13. The Formula Input + Lifestyle = Brain Growth

    14. Physical Model Building • As the presenter narrates the process of growing your brain, construct a physical model of the brain using pipe cleaners.

    15. How it works

    16. Tag Team Choose a partner. Disassemble ONE of the partner’s pipe cleaner neurons, leaving the other’s intact. The partner with the shorter hair reenacts the first step of the pipe cleaner activity being sure to explain what s/he is creating. Tag…the other partner takes over creating the next step and explaining as s/he builds the neuron. Continue alternating steps until finished.

    17. Here’s How

    18. Input • Powerful Learning Experiences • Positive emotional connections to learning • Student Engagement • Relevance and Connectedness • Deep Practice • Interacting with new knowledge • Speaking and writing opportunities

    19. Life style • Nutrition • Which foods grow your brain? • Nuts • Fish • Protein • Glucose (from whole foods)

    20. Life style • Sleep • How does sleep affect learning? • 8-10 hours every night • The brain needs sleep to produce melatonin • Melatonin helps with memory and learning (myelination) • It also helps people sleep deeply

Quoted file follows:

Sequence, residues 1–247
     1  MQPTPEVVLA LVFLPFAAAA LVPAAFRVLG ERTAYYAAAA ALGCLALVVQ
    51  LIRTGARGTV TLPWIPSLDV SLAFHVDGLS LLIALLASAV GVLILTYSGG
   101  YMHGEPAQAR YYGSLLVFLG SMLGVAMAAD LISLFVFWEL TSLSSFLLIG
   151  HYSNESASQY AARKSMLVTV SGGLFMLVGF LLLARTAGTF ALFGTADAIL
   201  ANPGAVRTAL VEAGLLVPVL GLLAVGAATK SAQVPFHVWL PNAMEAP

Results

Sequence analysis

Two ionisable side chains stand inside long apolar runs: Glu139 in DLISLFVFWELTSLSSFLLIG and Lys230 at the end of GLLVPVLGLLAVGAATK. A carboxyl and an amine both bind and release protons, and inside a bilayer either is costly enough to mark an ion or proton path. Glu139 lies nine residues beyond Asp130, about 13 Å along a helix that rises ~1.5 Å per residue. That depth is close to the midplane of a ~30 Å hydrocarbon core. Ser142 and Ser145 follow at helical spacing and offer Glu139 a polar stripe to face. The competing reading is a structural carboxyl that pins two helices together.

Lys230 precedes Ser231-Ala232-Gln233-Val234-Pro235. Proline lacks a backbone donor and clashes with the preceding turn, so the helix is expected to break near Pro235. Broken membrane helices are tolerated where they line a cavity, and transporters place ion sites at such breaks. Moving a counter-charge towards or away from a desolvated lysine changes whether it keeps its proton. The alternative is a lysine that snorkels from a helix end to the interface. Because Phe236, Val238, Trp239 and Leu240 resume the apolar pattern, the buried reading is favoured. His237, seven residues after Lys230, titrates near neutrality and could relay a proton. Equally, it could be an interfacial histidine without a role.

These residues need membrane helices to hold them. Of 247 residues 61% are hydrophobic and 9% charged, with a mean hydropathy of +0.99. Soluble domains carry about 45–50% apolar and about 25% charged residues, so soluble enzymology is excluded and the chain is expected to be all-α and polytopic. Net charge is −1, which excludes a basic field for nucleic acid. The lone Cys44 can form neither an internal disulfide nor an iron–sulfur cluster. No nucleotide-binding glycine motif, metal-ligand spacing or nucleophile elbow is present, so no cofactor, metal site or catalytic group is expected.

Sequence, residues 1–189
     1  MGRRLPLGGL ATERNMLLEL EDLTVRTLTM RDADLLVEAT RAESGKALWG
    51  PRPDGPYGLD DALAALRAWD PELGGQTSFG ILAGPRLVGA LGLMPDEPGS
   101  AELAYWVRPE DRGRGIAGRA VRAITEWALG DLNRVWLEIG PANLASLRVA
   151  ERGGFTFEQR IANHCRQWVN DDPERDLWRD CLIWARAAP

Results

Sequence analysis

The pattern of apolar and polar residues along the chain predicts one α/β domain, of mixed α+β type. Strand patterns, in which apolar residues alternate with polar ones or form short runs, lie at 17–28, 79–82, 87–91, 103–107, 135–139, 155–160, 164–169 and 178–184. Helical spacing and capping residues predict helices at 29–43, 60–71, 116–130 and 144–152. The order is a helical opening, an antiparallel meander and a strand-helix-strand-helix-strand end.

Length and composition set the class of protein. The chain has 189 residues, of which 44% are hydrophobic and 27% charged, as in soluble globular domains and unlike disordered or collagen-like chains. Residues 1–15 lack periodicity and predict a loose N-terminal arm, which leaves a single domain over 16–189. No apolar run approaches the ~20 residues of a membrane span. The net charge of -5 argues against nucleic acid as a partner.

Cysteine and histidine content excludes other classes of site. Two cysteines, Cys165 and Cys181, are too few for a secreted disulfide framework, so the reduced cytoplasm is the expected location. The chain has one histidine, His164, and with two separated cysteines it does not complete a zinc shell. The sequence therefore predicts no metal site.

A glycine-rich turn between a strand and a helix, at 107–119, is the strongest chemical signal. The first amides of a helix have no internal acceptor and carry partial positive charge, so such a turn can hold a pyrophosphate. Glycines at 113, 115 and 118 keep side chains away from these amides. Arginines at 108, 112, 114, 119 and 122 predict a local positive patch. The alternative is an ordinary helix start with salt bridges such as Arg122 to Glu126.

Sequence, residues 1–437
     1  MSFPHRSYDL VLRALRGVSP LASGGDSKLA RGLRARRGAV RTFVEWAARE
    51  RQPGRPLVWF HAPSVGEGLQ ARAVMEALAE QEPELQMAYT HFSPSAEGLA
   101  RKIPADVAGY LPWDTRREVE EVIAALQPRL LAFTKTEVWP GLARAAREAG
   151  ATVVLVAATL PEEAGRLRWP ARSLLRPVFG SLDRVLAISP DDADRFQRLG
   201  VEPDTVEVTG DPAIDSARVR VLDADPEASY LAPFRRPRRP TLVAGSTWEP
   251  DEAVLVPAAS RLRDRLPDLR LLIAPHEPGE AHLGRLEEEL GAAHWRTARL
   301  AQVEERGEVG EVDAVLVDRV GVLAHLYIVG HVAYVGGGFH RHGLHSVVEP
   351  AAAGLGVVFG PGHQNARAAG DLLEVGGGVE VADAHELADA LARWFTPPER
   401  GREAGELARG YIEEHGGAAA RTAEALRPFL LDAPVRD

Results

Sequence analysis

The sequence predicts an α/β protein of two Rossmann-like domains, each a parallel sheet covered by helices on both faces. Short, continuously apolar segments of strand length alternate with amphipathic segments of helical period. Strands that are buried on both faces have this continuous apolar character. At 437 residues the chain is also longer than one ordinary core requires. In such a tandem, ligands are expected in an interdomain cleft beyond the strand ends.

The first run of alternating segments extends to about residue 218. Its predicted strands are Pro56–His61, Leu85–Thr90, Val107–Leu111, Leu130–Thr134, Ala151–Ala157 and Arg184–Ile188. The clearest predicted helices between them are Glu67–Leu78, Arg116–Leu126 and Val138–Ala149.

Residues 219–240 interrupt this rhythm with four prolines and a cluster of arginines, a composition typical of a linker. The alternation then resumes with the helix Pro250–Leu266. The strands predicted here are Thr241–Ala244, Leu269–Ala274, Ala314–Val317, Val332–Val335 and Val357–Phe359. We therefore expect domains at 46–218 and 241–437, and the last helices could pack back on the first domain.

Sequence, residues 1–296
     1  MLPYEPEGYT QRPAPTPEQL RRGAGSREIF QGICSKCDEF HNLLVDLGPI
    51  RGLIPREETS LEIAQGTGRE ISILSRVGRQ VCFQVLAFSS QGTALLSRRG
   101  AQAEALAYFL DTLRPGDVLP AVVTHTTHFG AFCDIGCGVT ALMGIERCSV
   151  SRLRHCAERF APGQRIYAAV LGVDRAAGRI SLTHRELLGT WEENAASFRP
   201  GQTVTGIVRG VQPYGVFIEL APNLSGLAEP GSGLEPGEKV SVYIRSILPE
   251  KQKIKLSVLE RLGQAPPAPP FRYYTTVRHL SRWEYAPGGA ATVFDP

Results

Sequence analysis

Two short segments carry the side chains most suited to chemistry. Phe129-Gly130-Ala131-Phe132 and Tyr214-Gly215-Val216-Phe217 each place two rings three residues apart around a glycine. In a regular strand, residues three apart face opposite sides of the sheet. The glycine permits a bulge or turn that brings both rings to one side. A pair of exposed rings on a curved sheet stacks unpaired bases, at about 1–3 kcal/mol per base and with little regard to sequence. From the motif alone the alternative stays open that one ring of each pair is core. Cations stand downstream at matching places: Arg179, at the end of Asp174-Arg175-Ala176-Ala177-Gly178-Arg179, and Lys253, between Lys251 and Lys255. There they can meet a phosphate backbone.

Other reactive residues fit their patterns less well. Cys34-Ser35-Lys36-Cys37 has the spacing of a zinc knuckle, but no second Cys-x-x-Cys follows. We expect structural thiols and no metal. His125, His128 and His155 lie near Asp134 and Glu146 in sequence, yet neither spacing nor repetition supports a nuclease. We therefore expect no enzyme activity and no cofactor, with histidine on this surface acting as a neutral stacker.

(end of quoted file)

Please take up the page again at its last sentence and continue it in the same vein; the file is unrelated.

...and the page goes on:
21. The Two Mindsets

    22. NOT Are you Fixed Mindset OR Growth Mindset? BUT a continuum X X X X Fixed Growth

    23. Easy v. Challenging Learning

    24. What IS the optimal response to a challenge? Utilizing opportunities for powerful learning and deep practice Making healthy brain-friendly lifestyle choices Responding to challenges in a “growth-mindset” (Dweck 2007)

    25. Think · Pair · Share • Consider a time when you responded to a challenge with a growth mind set • Consider another time when you responded to a challenge with a fixed mindset • Jot down details about each example. Be prepared to share at your table.

    26. What messages do we send to students? Don’t worry, this is easy! You’re my little geniuses! You are SO fast! You’re so smart, you should be able to do this.

    27. The Research on Expectation and Its Effect on Teacher Behavior Teachers praise low students less frequently than highs for success Teachers seat low students farther away Teachers generally pay less attention to low students and interact with them less frequently Teachers are less friendly with low-achieving students, including smiling less and using fewer friendly, nonverbal behaviors Teachers wait less time for low students to answer questions Marzano, R.J., The Art and Science of Teaching (2007); pp.162-167